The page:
Marsai Martin Refuses To Highlight Black Pain In Her Projects And It's Refreshing
"There's so many films and projects about that, so that's not who I am."
To celebrate, the Hollywood Reporter sat down with Marsai to discuss the achievement and her upcoming projects. She revealed that there's one major rule when it comes to her production company: "No Black pain."
"I have a couple of rules when you come into my office. When you come into my office — I don't do Black pain. If it's Black pain, I don't go for it, because there's so many films and projects about that, so that's not who I am."
She continued, "I want to make sure that [each project I produce is] diverse and real in its own way. I know a lot of people don't like the word 'authentic,' but I just love real stories that people can resonate with, even when it doesn't resonate with you personally but you know a friend who's dealt with that, or families."
The 16-year-old Texas native wants to produce projects that impact generations to come. She grew up on films her grandma watched, and now Marsai hopes the movies and TV shows she creates will be something her children's children can enjoy.
Personally, I admire Marsai's decision because — as she said — the industry has a plethora of projects focused on Black trauma, but not enough highlighting Black joy, adventure, and love.
Wondering which stories she's passionate about telling? Well, there are a few: first up, her upcoming Disney Channel series Saturdays, about a 13-year-old girl named Paris who leads a roller-skating crew while living with sickle cell disease.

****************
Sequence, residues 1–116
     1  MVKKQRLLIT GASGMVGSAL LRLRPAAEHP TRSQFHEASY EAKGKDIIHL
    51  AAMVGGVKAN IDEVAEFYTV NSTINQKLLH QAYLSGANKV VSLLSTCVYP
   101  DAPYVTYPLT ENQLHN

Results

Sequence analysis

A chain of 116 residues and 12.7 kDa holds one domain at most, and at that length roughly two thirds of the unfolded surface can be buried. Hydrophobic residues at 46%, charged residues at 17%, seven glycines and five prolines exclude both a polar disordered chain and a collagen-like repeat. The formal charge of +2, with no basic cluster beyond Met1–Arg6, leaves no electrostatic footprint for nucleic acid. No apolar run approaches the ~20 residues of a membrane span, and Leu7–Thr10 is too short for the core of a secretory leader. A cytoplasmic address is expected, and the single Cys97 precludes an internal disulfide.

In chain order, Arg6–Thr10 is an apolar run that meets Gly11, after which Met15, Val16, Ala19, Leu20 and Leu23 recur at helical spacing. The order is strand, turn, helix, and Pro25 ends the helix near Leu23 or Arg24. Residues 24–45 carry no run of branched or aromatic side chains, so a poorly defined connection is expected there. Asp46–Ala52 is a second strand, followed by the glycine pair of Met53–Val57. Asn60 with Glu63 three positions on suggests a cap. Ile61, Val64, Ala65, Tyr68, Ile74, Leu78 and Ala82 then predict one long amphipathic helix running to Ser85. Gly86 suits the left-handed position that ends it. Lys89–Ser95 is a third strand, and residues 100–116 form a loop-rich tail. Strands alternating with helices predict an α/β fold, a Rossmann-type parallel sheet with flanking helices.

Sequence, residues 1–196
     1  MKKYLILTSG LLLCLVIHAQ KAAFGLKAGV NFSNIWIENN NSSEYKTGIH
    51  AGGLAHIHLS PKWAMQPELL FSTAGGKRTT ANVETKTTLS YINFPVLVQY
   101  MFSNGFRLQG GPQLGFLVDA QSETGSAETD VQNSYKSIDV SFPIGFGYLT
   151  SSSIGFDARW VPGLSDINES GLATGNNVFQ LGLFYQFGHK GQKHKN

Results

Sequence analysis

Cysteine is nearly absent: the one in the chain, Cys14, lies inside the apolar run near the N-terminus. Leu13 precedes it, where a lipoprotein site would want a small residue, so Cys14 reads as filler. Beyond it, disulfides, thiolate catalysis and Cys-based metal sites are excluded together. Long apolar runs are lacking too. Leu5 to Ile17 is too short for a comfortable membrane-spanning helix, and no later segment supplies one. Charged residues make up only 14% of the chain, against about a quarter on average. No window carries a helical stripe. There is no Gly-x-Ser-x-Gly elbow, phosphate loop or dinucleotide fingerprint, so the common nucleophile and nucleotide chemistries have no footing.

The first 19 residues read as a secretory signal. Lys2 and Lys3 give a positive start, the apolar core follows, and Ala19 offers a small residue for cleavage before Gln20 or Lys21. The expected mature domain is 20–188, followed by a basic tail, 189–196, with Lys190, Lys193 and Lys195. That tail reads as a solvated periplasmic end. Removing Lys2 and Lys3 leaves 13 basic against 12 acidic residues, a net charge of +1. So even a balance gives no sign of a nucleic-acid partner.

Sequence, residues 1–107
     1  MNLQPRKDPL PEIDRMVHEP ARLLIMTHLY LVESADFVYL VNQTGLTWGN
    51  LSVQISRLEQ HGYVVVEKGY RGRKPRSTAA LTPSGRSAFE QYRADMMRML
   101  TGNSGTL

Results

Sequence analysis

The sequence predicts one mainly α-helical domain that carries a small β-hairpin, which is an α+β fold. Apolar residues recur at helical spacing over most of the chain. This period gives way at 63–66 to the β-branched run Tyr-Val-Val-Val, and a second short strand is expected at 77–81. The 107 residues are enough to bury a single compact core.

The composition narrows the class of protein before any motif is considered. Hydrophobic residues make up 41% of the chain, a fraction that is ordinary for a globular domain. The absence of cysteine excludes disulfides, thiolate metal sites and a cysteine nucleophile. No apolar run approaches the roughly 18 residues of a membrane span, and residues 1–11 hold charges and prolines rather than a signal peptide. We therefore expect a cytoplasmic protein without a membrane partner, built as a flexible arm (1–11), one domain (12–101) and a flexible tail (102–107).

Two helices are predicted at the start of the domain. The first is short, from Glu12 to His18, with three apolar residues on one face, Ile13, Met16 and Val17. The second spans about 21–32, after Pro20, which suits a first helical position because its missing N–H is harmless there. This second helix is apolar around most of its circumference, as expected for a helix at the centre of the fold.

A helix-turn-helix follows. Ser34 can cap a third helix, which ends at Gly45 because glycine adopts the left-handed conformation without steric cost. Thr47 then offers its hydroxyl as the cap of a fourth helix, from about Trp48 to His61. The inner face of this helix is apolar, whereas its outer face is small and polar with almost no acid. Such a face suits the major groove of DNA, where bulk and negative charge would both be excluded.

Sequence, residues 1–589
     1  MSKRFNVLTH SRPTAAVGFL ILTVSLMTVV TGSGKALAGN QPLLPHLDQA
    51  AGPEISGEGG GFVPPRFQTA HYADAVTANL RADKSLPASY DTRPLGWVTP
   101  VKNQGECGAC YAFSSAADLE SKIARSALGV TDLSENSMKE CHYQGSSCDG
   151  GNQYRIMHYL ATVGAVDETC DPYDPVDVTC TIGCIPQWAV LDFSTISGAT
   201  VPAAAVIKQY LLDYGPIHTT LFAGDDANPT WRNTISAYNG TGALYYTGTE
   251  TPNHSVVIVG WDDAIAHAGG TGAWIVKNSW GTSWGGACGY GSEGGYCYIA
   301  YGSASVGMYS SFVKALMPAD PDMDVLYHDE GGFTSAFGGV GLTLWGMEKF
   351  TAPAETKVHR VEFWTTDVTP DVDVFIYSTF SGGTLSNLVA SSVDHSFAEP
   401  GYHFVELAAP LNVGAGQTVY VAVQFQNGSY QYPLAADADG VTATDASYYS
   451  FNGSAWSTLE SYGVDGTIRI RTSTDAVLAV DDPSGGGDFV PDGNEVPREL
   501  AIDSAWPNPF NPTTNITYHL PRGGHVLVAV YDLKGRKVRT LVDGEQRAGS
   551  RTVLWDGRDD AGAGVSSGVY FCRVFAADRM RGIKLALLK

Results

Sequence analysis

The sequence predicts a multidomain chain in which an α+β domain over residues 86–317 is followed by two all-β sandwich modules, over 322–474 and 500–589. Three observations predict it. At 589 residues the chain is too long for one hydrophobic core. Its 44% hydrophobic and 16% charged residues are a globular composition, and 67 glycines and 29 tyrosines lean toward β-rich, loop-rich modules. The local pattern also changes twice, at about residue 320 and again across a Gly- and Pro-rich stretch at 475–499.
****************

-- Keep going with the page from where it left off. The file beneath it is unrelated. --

And while some might view the main character's sickle cell disease as a form of pain, Marsai acknowledges that she chose it because it's something that affects the Black community the hardest.
Marsai told THR:
We've been working on it for quite a while now. I've always wanted to have just a cool activity that like us Black people love — like everyone loves it but the aesthetic of roller skating is just amazing and it just doesn't get the recognition that it needs. I just wanted to shine a light on it. Then also, sickle cell is a very big thing in our Black community, it tackles us the most. It's never been seen on TV or film before so I wanted to make sure this was a moment to shine a light on it — in not a bad way because we don't do Black pain, but to where our main character is still celebrated, still loved and lives her life the way that she wants to.